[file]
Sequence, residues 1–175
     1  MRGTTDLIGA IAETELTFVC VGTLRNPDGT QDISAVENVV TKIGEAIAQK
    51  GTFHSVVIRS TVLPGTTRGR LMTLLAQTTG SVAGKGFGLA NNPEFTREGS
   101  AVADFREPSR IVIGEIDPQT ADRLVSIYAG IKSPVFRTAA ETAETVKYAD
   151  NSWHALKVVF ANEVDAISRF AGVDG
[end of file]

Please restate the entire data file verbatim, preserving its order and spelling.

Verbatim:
Sequence, residues 1–175
     1  MRGTTDLIGA IAETELTFVC VGTLRNPDGT QDISAVENVV TKIGEAIAQK
    51  GTFHSVVIRS TVLPGTTRGR LMTLLAQTTG SVAGKGFGLA NNPEFTREGS
   101  AVADFREPSR IVIGEIDPQT ADRLVSIYAG IKSPVFRTAA ETAETVKYAD
   151  NSWHALKVVF ANEVDAISRF AGVDG